Last year, Salvini and Di Maio appeared united enough to have big spending plans for Italy, much to Brussels’ dismay. While Lega wanted to cut corporate taxes and to introduce a “flat tax” rate, M5S meanwhile had promised voters a universal basic income. Now the government is struggling to maintain campaign spending pledges with stabilizing the country’s fragile finances and economy.
The European Commission threatened to start punish Italy (which has the second largest debt pile in the euro zone after Greece) if it exceeded budget deficit targets and rules. After appearing to try to appease the commission, Lega seems bullish again about breaking the rules, making suggestions that it could cancel a planned sales tax rise and could just increase public borrowing.
Deputy Prime Minister and Labour Minister Luigi di Maio(L), Italian Prime Minister Giuseppe Conte(2L), Italian deputy Prime Minister and Interior Minister Matteo Salvini(2R) and Italian Economy and Finances Minister Giovanni Tria(R) hold a press conference on the Italian budget on October 15, 2018 in Rome, Italy.
Antonio Masiello | Getty Images News | Getty Images
This has put Economy Minister Giovanni Tria (who is not allied with either ruling party) in a difficult position. On Monday, Tria said it was “impossible” to stick to deficit and debt cutting commitments while cutting taxes and hiking spending. “The government will need to choose,” Tria said, Reuters reported.
Meanwhile, Salvini said Monday that the only way to reduce debt is to cut taxes to spur growth and that EU fiscal rules should be revised because they hamper growth. These comments, reported by Reuters, come after Salvini said last week that Italy should breach the EU’s 3% deficit limit if necessary to boost the economy and create jobs.
But last Friday Di Maio poured cold water on any M5S backing of that plan, saying the movement would not back a budget law that causes Italy’s big public debt to climb even higher.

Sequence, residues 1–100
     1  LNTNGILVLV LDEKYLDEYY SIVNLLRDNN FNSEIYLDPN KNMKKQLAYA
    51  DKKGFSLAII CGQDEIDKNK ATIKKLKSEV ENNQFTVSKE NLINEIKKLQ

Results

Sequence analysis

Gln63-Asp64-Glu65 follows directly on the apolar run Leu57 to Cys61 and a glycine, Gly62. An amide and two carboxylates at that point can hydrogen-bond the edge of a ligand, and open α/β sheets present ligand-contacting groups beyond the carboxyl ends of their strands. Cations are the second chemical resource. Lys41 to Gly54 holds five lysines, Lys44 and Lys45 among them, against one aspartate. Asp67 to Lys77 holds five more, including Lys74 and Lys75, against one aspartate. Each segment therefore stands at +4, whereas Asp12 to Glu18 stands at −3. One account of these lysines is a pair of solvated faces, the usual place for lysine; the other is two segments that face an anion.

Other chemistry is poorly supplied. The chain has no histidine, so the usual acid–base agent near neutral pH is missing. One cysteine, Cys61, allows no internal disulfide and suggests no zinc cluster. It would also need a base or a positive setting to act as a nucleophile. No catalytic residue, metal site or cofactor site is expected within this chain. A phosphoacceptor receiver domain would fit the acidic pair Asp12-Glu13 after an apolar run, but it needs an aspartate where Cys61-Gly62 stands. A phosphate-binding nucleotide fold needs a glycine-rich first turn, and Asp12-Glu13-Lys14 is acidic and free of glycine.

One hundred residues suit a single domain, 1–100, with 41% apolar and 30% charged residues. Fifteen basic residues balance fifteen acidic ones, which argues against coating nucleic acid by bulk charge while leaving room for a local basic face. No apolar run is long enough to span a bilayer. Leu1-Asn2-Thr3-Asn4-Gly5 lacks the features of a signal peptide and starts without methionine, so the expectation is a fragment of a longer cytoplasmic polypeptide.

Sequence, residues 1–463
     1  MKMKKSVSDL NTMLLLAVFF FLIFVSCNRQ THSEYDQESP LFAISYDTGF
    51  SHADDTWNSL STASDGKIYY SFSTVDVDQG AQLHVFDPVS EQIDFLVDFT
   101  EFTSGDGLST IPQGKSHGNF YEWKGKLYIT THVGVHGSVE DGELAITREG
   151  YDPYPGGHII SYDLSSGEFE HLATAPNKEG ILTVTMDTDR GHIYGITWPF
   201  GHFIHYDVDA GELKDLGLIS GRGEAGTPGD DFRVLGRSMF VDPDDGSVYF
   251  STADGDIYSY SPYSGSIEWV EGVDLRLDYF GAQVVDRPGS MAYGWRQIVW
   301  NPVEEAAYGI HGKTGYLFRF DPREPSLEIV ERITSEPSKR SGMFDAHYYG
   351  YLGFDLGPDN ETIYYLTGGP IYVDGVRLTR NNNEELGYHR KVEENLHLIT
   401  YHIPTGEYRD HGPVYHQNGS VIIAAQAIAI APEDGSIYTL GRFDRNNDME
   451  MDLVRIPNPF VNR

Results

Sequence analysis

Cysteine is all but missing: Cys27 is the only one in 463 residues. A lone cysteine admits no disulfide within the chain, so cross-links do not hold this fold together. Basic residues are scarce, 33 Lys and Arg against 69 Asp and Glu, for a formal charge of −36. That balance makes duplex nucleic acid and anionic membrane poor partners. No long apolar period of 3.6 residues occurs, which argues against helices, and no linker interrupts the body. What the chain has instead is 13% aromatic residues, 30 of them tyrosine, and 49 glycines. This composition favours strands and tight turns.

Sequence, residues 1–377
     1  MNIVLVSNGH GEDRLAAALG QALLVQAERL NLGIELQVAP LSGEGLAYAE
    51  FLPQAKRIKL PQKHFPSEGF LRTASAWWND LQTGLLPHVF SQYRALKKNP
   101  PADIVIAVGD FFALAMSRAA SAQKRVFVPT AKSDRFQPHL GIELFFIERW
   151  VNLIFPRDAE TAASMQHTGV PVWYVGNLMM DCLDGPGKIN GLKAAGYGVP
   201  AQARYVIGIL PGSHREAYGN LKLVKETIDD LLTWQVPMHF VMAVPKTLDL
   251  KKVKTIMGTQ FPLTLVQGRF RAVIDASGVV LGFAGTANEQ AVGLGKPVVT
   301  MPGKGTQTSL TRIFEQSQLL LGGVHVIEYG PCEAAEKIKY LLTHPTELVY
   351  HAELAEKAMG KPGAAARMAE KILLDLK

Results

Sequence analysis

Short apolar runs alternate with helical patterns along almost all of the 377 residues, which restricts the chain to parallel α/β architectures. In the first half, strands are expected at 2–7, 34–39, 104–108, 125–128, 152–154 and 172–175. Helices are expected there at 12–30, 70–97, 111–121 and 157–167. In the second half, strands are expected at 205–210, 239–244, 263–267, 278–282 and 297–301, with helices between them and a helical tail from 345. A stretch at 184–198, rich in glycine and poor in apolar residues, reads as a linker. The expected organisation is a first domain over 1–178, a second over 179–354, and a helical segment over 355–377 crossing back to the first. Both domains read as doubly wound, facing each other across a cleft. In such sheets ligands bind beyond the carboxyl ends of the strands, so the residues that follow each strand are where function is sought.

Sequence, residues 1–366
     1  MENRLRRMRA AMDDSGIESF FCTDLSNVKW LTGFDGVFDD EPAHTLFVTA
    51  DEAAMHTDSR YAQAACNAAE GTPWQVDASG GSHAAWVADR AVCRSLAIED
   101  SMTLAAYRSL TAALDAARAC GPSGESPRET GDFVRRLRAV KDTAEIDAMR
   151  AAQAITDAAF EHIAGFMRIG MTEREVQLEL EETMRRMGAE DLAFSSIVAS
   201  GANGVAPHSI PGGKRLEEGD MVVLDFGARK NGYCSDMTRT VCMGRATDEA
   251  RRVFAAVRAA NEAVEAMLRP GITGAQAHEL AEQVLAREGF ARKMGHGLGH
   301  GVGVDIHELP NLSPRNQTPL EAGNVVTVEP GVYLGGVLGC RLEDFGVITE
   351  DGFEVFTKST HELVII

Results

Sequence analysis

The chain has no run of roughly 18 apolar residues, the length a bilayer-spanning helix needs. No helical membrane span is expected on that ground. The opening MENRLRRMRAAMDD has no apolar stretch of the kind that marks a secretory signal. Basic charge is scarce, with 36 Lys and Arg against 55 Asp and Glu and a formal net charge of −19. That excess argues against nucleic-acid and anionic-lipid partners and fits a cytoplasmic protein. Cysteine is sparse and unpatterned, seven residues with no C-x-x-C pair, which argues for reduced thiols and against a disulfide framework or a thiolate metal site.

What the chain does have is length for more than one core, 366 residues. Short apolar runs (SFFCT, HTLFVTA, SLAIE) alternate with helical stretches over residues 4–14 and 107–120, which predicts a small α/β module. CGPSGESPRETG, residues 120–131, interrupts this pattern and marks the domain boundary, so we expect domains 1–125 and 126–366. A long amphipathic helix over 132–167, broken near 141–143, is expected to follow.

Another bone of contention is welfare. M5S’ Luigi Di Maio, who is also Labor minister, wants to implement a so-called ‘Family Decree’ that would give low-income families an allowance to help raise their children. Di Maio also proposes cutting nursery fees and discounts on diapers but he has clashed with Lega’s Family Minister Lorenzo Fontana over the plan; Lega wants to block the decree.
On Friday, Di Maio said the government’s future was tied to the family decree, stating, ” “We can split on everything in this government, but not on the family,” he said, adding that the “destiny and survival of the government is at stake with this decree.”
While Lega’s bugbear is immigration, M5S has made anti-corruption and graft measures a key policy area. Thus, when a corruption probe was recently launched into a Salvini’s economic advisor Armando Siri, Lega did not take the move well.
Di Maio repeatedly called for Siri, who denies wrongdoing, to quit his role as undersecretary in the Transport Ministry (which is led by a M5S member) but Salvini backed his advisor and insisted he should retain his post until the probe was completed.
That was overruled when Prime Minister Conte sacked the junior minister earlier in May causing more friction with Lega’s Salvini.
Another spat between Lega and M5S emerged last Friday but this time, it was over a teacher who had been temporarily suspended from her job because her students had compared Lega leader Salvini’s security and migrant decree to the race laws of Benito Mussolini.
Salvini called the comparison “disrespectful” while M5S said the suspension – which was ordered by Education Minister Marco Bussetti (a Lega member) – was tantamount to censorship.